A business paper reports, Net effect of peso rise negative: Majority say well-being unchanged, but more report being ‘better off before.’ The column of Cielito Habito, On fearless forecasts, is instructive. First, he points out that,
When economic analysts made their 2007 projections about Philippine economic performance late last year or early this year, three things were not quite anticipated enough in formulating their projections or forecasts.
One, most had assumed that the foreign exchange rate would average near P50 to the dollar. The government had assumed it to be in the range P51-53 in drawing up the 2007 budget that was approved by Congress. Two, crude oil prices had been expected to be softer, following earlier episodes of above $70-a-barrel prices that had provoked near-double digit inflation in 2005. The government’s assumption was around $63-67 a barrel. And three, world economic growth–especially in the US, the world’s biggest economy and a dominant trading partner to most countries–was expected to moderate somewhat, but not differ substantially from the 2006 performance.
And then he tries to explain what’s happened since:
What happened? In the case of the exchange rate, the dollar turned out to slide more steeply than had earlier been anticipated. For the most part, it has lately been influenced by the US subprime housing loans crisis that hardly anybody anticipated (although there were some isolated voices warning of the problem even early on, and who are now able to say “I told you so”). Major central banks are also turning away from the dollar as a reserve asset, and unloading large amounts of it (China has reportedly done so recently). For us, it is also because the surge in OFW remittances continues to surprise, especially in the face of the apparent slowdown in the numbers of workers actually deployed overseas.
Surging crude oil prices are attributed to declining US petroleum product inventories, anticipated supply disruptions due to recent bombings in oil-rich Afghanistan and an oil pipeline in Yemen, continuously surging demands from rapidly growing Asian economies, and the continued weakening of the dollar. Meanwhile, the impacts of the subprime crisis on the real US economy are just unfolding, and most authoritative analyses as exemplified by that of Bernanke point to a short-term outlook that does not look good.
Now of course there is always something good and something bad in whatever’s going on, and the weak dollar means the peso helps absorb what could otherwise be a nasty oil shock; but it does mean adjustments are required all around and the citizenry isn’t seeing any adjusting among those in official circles. The result is a cranky population and a government (both administration and opposition) unable to appeal to the public to pull together for -what? The administration seems more stumped, since after all, it has the resources and the opposition does not, and it has the numbers in the cabinet and the congress which the opposition does not, so obviously, the burden of proof is on the administration.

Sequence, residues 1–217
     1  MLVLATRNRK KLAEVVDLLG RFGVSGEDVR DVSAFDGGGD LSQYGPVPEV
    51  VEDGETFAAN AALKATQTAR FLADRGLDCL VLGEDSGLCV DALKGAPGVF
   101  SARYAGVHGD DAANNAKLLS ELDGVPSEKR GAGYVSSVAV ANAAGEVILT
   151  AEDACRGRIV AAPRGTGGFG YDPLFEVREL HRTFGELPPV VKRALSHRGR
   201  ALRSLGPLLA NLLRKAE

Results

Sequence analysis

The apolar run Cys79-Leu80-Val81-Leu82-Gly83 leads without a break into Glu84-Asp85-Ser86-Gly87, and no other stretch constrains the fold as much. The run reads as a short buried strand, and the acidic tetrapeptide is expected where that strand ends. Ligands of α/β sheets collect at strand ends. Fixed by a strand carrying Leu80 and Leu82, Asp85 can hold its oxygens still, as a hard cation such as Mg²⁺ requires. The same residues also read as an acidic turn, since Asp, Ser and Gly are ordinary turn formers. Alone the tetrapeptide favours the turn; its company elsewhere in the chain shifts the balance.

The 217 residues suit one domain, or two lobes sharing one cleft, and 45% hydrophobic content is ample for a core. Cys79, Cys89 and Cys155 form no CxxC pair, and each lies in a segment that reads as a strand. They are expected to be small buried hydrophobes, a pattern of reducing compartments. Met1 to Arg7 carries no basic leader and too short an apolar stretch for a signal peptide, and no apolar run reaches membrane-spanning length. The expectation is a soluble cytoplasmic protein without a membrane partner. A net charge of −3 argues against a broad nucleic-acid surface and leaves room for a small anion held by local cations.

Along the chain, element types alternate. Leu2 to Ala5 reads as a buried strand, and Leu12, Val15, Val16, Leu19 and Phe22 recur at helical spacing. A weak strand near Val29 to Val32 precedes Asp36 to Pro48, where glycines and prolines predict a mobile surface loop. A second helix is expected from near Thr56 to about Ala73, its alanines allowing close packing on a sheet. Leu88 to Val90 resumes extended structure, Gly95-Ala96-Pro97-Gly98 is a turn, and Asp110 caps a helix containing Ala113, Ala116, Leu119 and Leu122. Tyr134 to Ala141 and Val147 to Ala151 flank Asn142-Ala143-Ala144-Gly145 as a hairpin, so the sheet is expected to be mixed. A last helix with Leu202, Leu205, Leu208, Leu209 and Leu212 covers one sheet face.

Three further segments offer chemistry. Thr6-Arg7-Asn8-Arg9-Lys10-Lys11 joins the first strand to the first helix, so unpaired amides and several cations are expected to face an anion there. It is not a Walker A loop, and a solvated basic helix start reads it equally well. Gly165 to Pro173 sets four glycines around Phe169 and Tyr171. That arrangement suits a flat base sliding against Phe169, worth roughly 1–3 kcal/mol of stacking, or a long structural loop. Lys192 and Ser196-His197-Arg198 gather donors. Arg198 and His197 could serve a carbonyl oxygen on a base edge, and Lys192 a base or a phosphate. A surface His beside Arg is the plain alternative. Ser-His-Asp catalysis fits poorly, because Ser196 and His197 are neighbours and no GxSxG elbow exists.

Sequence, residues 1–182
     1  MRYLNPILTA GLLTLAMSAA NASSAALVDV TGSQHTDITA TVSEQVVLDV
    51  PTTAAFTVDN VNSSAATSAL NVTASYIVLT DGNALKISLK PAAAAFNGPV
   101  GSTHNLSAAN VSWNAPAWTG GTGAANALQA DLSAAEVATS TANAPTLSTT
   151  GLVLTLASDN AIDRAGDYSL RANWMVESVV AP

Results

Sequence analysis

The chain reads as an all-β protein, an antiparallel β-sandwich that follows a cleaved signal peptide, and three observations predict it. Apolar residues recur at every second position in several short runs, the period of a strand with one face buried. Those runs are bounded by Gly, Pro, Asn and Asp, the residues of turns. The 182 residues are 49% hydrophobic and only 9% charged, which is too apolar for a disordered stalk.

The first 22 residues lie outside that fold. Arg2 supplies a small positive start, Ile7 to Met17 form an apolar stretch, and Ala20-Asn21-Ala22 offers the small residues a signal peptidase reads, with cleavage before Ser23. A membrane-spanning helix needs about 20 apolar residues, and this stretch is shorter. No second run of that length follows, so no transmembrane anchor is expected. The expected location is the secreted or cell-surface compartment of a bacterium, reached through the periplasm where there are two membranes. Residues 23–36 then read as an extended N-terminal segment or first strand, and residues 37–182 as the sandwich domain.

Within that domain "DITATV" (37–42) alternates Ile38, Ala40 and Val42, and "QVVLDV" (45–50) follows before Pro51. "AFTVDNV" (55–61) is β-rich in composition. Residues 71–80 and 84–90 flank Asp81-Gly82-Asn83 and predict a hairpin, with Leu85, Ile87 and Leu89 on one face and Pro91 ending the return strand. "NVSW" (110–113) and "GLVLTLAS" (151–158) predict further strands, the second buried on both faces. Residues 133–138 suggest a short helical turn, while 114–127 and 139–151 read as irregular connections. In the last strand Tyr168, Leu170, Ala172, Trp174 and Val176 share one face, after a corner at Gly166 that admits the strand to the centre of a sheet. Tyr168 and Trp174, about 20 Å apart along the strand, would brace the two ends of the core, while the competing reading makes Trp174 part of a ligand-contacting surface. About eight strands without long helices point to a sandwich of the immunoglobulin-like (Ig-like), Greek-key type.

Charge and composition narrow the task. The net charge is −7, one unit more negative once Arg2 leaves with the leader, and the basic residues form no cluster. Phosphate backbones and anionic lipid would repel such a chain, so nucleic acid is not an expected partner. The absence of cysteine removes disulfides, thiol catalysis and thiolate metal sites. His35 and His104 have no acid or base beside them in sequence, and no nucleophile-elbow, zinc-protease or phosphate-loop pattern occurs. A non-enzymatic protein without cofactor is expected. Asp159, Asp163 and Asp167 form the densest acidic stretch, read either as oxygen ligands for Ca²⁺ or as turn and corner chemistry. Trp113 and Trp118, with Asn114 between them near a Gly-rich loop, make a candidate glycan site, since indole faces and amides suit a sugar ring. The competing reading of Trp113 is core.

And since it’s preached from day one that everything is a numbers game, then it ought to be given plenty of rope to hang itself with.
It was good to hear that the attitude towards the ruling coalition was the one adopted by the opposition. Read (UPDATE 6) Pulido complaint sufficient in form–House panel:
The committee’s approval of the motion came a little past 3:00 p.m. or before opposition members walked out after Arroyo’s allies rejected the supplemental complaint filed by lawyer and United Opposition spokesman Adel Tamano to strengthen the Pulido case.
Deputy Minority Floor Leader Roilo Golez said the opposition would not participate until the committee accepted the supplemental complaint as an “integral part” of the one filed by Pulido.
“It would be very awkward on the part of the member of the Minority to be part of the proceeding because precisely we don’t feel that this is an honest-to-goodness impeachment complaint,” Golez said.
“We don’t wish to do disrespect the committee but we’ve already made our position very clear Mr. Chairman — we don’t think it will be meaningful, it would be useful for this committee to deliberate upon what we feel is a sham complaint whose objective is to frustrate an honest-to-goodness impeachment complaint within one year,” he said.
“And therefore, Mr. Chairman we’d like to state that members of
the Minority don’t wish to participate in this proceeding for as long as the addendum and the supplemental submitted by Attorney Tamano is not part of it,” Golez said.
But Golez asked the committee to allow a member of the opposition to observe the proceedings.
Bravo! Additional details here: House justice panel rejects supplemental complaint.
I only wish TV would then cover the further deliberations of the administration coalition as it takes its own Punch and Judy Show to its absurd and inevitable conclusion -leaving the House ruling coalition being the sole source of the political noise the President herself provoked. And really, the main source of the noise is the President’s camp, not that of her critics.